Monthly Archives: October 2014

A Right Royal Confusion

George V coronationGeorge V’s impressive coronation portrait
(picture courtesy of Wikipedia)

Some time ago I received the following email from journalist and editor, Peter Dron, a regular reader of the HV Morton blog, who has a real eye for literary detail:

Hello Mr Taylor,

I am reading a 2006 edition of “In Search of England” and I am puzzled by a passage in Chapter Ten, in which Morton stops at Oakham Castle in Rutland. He is referring to the tradition which obliges members of the nobility passing through the town to pay a “tax” of a horseshoe. Various kings and queens were among those who had paid this tribute:

The tragedy of Oakham Castle is that King George V never paid the tax.

“’If only we could have got him!’ said the caretaker to me. ‘I believe he passed through on the railway once; but that doesn’t count! When the King came here, as Prince of Wales, he looked round and said, “Where’s Father’s!”’”

This book was supposedly published in 1927, when of course George V was King and the Prince of Wales was that buffoon who later became the Duke of Windsor. Can you cast any light on this mystery?

With best wishes,

Peter Dron

As always with matters-royal, I feel confusion about dates, especially at that difficult time for the nation. So I reminded myself, courtesy of Wikipedia, that George V ruled from 1910 to 1936 (having succeeded Edward VII). He himself, was succeeded by his son, Edward VIII (formerly Prince of Wales – the buffon!), who ruled from 20 January 1936 to 11 December 1936. Following his abdication he was succeeded by his brother, George VI, (formerly Duke of York) who ruled from 11 December 1936 to 6 February 1952.

Given that many of the sections in “In Search of England” were originally written as newspaper columns prior to 1927 (when the book was published) but none would have been published any later; the passage quoted seems to make for strange reading.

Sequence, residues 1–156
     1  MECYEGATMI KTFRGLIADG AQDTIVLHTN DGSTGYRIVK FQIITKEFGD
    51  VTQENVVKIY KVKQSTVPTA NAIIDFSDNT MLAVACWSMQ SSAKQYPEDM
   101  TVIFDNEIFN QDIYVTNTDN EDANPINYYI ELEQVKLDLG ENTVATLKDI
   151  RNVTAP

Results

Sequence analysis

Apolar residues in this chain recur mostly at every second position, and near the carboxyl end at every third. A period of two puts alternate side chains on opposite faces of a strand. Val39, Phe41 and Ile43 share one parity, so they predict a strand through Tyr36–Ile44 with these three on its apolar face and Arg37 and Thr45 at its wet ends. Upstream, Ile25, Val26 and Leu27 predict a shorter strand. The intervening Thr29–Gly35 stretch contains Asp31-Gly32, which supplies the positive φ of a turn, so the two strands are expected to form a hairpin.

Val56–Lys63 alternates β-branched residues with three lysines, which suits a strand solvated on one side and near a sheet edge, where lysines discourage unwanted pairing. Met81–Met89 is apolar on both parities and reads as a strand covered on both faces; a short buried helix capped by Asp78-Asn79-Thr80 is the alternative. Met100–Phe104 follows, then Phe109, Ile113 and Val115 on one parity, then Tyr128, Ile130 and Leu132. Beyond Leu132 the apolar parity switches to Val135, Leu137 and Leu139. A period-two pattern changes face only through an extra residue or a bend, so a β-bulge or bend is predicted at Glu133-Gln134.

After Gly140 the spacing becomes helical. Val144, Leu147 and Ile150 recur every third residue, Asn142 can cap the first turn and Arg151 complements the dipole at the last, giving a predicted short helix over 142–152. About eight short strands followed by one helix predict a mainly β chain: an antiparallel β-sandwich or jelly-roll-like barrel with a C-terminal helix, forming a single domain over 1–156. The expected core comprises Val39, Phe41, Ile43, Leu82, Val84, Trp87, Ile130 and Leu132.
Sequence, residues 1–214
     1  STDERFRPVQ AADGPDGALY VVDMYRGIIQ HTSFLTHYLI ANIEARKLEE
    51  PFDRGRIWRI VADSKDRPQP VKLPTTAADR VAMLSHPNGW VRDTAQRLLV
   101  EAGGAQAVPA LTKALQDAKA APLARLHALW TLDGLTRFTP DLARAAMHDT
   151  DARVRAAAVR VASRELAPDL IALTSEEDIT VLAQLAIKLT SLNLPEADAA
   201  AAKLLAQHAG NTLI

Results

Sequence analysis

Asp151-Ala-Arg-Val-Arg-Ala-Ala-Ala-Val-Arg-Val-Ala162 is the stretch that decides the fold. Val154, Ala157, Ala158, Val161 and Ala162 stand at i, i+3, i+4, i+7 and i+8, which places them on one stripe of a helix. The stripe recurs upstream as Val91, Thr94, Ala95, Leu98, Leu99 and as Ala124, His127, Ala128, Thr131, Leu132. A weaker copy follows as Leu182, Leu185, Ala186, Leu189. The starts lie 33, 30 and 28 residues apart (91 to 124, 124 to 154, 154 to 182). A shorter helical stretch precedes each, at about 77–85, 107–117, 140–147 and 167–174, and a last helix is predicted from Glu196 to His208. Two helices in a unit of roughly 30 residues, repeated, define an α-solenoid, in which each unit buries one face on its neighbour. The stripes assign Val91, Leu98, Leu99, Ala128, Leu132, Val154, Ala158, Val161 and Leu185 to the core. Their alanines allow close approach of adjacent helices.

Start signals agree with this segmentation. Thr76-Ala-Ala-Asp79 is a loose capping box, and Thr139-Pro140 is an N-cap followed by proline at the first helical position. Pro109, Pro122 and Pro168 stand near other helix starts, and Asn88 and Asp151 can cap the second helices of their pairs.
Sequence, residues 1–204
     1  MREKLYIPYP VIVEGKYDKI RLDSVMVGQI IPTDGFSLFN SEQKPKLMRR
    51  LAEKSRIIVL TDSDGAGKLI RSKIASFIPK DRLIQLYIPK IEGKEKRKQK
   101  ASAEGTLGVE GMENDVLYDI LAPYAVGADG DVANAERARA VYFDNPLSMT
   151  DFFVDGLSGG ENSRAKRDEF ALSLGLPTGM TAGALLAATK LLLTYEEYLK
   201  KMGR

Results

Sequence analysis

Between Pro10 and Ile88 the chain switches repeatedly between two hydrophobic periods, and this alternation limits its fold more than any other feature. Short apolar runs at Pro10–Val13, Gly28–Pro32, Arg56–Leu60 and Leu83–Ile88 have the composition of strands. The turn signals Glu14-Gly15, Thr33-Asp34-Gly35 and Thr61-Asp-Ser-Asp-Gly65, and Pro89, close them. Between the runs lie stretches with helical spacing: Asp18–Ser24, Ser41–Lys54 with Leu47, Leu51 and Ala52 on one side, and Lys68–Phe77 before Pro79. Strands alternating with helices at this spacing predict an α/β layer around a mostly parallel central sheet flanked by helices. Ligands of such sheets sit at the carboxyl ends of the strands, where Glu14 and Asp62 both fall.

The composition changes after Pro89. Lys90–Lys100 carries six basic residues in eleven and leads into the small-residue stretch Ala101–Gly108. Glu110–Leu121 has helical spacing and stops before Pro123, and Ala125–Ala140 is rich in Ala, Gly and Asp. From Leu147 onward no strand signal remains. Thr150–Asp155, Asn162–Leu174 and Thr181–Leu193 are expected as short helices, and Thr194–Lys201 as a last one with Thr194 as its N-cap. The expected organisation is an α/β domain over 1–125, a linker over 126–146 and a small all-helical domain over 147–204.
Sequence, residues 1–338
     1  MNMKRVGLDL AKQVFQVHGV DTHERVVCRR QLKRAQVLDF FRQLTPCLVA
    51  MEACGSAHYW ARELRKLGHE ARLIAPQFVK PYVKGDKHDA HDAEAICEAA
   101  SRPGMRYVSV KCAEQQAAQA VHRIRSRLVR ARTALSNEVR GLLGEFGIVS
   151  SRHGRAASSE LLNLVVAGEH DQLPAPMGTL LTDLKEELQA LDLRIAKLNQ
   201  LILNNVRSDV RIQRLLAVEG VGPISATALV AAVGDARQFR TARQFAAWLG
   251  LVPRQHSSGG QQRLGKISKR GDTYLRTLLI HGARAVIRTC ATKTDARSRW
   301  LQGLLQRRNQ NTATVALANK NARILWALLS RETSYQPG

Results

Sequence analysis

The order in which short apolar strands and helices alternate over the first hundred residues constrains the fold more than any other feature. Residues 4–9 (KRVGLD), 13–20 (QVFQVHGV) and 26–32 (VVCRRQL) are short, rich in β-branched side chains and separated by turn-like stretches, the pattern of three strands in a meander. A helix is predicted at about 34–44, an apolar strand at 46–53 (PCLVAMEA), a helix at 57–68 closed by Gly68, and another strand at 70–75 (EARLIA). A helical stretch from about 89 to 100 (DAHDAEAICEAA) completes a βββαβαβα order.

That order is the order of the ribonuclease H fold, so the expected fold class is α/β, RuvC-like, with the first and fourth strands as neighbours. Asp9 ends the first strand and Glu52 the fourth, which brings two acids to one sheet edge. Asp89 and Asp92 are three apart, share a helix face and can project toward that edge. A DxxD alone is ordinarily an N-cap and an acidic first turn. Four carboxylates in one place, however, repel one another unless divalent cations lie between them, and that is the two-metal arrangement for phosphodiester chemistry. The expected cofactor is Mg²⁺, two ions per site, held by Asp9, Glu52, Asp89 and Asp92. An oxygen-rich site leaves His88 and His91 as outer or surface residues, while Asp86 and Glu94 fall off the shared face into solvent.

Edward VIII 1932The future Edward VIII in 1932
(picture courtesy of Wikipedia)

The Prince of Wales, who became the king mentioned in the excerpt can’t have been either Edward VIII or George VI as these both came to the throne after 1927 (and anyway, George VI was never Prince of Wales)

So that leaves us with George V himself, who would have been king during the writing of all the sections of the book and had been Prince of Wales from 1901 to 1910. I wondered whether HVM could have been referring to George V in both sentences, thus:

‘If only we could have got him [i.e. George V]!’ said the caretaker to me. ‘I believe he passed through on the railway once; but that doesn’t count! When the King [i.e. George V again] came here, as Prince of Wales [between 1901 and 1910], he looked round and said, “Where’s Father’s! [i.e. Edward VII]”’”

That explanation would certainly be factually possible but it is clumsy, and spoils the sense and flow of the paragraph and would suggest that both George V and his father Edward VII both managed to avoid the “tax”.

Alternatively, could this have been a tall tale from a wily caretaker spinning a plausible-sounding story to the tourists over the years in return for acclaim (and the occasional tip!). Another, more mundane, possibility was this might simply have been an error, in a rather complicated passage, which was never corrected.

I love a mystery, so I dug out some of my various editions of “In Search of England” and had a look. And pretty soon my search bore fruit!

In Search of England 1965 smallThe cover of the 1965 edition of “In Search of England

I compared the relevant passage in both a 1927 edition and a 1965 edition (ironically using a horseshoe as a paperweight) and they read as follows (with my annotations):

The 1965 edition reads as Peter’s original quote:

“’If only we could have got him [George V]!’ said the caretaker to me. ‘I believe he passed through on the railway once; but that doesn’t count! When the King [Edward VIII] came here, as Prince of Wales, he looked around and said “where’s father’s [George V]?”’”

Whereas the original, 1927, edition reads:

“’If only we could get him [George V]!’ said the caretaker to me. ‘I believe he passed through on the railway once; but that doesn’t count! As soon as the Prince of Wales [the future Edward VIII] came in here he looked round and said “where’s father’s [George V]?”’ We want a shoe from the King very badly, and we haven’t lost hope!